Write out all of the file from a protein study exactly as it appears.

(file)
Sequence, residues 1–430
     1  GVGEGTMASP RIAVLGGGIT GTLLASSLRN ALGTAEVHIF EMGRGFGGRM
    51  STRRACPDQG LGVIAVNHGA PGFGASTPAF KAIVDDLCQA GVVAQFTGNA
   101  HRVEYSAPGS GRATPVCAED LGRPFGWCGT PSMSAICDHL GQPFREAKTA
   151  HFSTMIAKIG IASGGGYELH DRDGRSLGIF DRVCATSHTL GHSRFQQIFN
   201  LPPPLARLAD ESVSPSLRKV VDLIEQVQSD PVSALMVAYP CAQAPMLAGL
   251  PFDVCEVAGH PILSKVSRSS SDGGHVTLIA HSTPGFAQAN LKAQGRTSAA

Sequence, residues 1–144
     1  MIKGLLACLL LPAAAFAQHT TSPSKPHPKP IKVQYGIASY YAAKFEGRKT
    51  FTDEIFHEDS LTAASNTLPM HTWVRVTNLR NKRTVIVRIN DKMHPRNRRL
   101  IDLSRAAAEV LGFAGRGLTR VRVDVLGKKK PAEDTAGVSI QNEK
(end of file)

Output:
Sequence, residues 1–430
     1  GVGEGTMASP RIAVLGGGIT GTLLASSLRN ALGTAEVHIF EMGRGFGGRM
    51  STRRACPDQG LGVIAVNHGA PGFGASTPAF KAIVDDLCQA GVVAQFTGNA
   101  HRVEYSAPGS GRATPVCAED LGRPFGWCGT PSMSAICDHL GQPFREAKTA
   151  HFSTMIAKIG IASGGGYELH DRDGRSLGIF DRVCATSHTL GHSRFQQIFN
   201  LPPPLARLAD ESVSPSLRKV VDLIEQVQSD PVSALMVAYP CAQAPMLAGL
   251  PFDVCEVAGH PILSKVSRSS SDGGHVTLIA HSTPGFAQAN LKAQGRTSAA

Sequence, residues 1–144
     1  MIKGLLACLL LPAAAFAQHT TSPSKPHPKP IKVQYGIASY YAAKFEGRKT
    51  FTDEIFHEDS LTAASNTLPM HTWVRVTNLR NKRTVIVRIN DKMHPRNRRL
   101  IDLSRAAAEV LGFAGRGLTR VRVDVLGKKK PAEDTAGVSI QNEK